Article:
Exploring photosymbiotic ecology of planktic foraminifers from chamber-by-chamber isotopic history of individual foraminifers

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doi: 10.1017/pab.2014.7
Author(s): Takagi, Haruka; Moriya, Kazuyoshi; Ishimura, Toyoho; Suzuki, Atsushi; Kawahata, Hodaka; Hirano, Hiromichi
Author Affiliation(s): Primary:
Waseda University, Graduate School of Creative Science and Engineering, Tokyo, Japan
Geological Survey of Japan, Japan
University of Tokyo, Japan
Volume Title: Paleobiology
Source: Paleobiology, 41(1), p.108-121. Publisher: Paleontological Society, Lawrence, KS, United States. ISSN: 0094-8373 CODEN: PALBBM
Note: In English. 51 refs.; illus., incl. 3 tables, sketch map
Summary: Evolution of photosymbiotic ecology is an important adaptation for planktic foraminifers that enhances the ecological advantage of living in oligotrophic oceans. Therefore, detecting photosymbiotic ecology in fossil species is one of the keys to understanding the paleobiodiversity dynamics of planktic foraminifers. Because foraminiferal tests record the ontogenetic history of ecological information in geochemical signatures, analyzing individual geochemical profiles with growth can reveal a species' ecology. This study examined chamber-by-chamber stable isotopes (δ13C and δ18O) of foraminiferal individuals to identify photosymbiotic signals. We observed an ontogenetic δ13C increase of up to 2.4 ppm, accompanied by relatively stable, negative δ18O, in the symbiotic species Globigerinoides conglobatus and Globigerinoides sacculifer. In contrast, δ13C and δ18O showed significant positive correlation during ontogeny in the asymbiotic species Globorotalia truncatulinoides. These two ecological groups produce contrasting isotopic profiles, thereby allowing us to use our ontogenetic isotopic analyses of individual specimens to identify algal photosymbiosis in fossil foraminifers. The chamber-by-chamber isotope analyses with individual ontogeny have great advantages in analyzing rare species because only one individual is required to describe ontogenetic isotopic history. In addition to photosymbiotic identification, our methods hold great potential to provide new insight into species paleoecological studies such as the ontogenetic history of calcification depth.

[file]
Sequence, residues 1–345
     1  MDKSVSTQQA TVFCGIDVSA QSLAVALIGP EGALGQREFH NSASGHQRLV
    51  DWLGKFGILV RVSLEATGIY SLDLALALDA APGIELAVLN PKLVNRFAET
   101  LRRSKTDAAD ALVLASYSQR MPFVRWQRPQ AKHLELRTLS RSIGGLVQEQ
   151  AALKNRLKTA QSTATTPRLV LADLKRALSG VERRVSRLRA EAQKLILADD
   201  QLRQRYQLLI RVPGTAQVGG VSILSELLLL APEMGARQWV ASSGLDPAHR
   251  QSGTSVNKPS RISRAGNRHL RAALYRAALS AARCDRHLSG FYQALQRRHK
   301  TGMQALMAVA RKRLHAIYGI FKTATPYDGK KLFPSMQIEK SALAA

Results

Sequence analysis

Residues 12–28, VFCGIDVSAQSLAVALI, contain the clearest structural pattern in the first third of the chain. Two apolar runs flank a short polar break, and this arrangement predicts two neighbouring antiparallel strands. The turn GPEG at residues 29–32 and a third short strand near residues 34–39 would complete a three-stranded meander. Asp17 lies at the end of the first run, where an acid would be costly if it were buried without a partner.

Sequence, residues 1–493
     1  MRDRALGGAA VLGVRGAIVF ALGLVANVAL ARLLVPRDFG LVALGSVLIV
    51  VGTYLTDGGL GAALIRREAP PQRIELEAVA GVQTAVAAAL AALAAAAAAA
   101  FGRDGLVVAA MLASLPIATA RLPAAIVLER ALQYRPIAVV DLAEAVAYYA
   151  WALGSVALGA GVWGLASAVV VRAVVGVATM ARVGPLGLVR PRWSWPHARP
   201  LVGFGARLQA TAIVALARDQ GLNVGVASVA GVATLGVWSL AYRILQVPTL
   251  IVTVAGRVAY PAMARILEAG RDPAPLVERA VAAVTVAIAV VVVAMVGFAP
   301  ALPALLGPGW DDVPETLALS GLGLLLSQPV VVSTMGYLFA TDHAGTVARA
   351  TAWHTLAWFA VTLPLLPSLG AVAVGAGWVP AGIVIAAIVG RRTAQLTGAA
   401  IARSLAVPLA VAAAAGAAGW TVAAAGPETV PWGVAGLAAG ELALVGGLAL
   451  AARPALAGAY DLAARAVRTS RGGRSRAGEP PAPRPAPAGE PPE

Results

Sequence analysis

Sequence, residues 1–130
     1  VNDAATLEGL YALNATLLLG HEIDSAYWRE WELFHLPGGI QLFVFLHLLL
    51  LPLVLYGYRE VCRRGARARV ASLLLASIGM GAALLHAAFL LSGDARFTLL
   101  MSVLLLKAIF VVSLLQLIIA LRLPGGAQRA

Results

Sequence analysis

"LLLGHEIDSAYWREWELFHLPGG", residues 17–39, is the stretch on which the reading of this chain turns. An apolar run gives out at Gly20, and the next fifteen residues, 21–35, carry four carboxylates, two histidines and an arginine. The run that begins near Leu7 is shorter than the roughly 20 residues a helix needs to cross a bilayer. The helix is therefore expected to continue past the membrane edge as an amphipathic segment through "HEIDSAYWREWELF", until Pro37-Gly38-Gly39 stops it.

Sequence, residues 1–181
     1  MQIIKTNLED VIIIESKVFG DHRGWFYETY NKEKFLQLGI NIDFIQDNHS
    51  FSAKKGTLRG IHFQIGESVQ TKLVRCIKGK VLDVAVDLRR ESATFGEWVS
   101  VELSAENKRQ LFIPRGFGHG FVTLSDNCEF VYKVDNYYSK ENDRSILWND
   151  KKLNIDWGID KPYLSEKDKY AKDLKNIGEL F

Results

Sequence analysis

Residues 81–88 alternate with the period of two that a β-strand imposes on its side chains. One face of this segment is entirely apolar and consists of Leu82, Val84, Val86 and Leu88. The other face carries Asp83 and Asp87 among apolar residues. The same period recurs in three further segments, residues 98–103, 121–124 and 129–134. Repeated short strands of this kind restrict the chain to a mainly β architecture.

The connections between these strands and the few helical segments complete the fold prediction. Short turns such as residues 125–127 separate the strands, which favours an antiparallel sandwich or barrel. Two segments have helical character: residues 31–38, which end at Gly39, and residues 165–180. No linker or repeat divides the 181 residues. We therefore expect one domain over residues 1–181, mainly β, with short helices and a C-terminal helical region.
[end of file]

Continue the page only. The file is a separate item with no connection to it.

Year of Publication: 2015
Research Program: IODP Integrated Ocean Drilling Program
Key Words: 02 Geochemistry; 10 Paleontology, Invertebrate; C-13/C-12; Carbon; Cenozoic; Chemical composition; Electron microscopy data; Expedition 330; Foraminifera; Globigerinacea; Globigerinidae; Globigerinoides; Globorotalia; Globorotalia truncatulinoides; Globorotaliidae; Holocene; IODP Site U1372; Integrated Ocean Drilling Program; Invertebrata; Isotope ratios; Isotopes; Microfossils; Morphology; O-18/O-16; Ontogeny; Oxygen; Pacific Ocean; Paleoecology; Planktonic taxa; Protista; Quaternary; Rotaliina; SEM data; South Pacific; Stable isotopes; Symbiosis; Tests
Coordinates: S262936 S262936 W1744345 W1744345
Record ID: 2015078934
Copyright Information: GeoRef, Copyright 2019 American Geosciences Institute. Abstract, Copyright, The Paleontological Society, Reference includes data from GeoScienceWorld, Alexandria, VA, United States